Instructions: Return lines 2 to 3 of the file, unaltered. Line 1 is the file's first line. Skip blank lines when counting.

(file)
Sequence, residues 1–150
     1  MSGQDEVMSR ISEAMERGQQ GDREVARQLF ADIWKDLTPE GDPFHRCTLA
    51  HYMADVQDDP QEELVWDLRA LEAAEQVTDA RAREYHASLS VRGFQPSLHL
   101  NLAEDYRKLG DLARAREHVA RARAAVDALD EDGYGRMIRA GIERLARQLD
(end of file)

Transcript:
     1  MSGQDEVMSR ISEAMERGQQ GDREVARQLF ADIWKDLTPE GDPFHRCTLA
    51  HYMADVQDDP QEELVWDLRA LEAAEQVTDA RAREYHASLS VRGFQPSLHL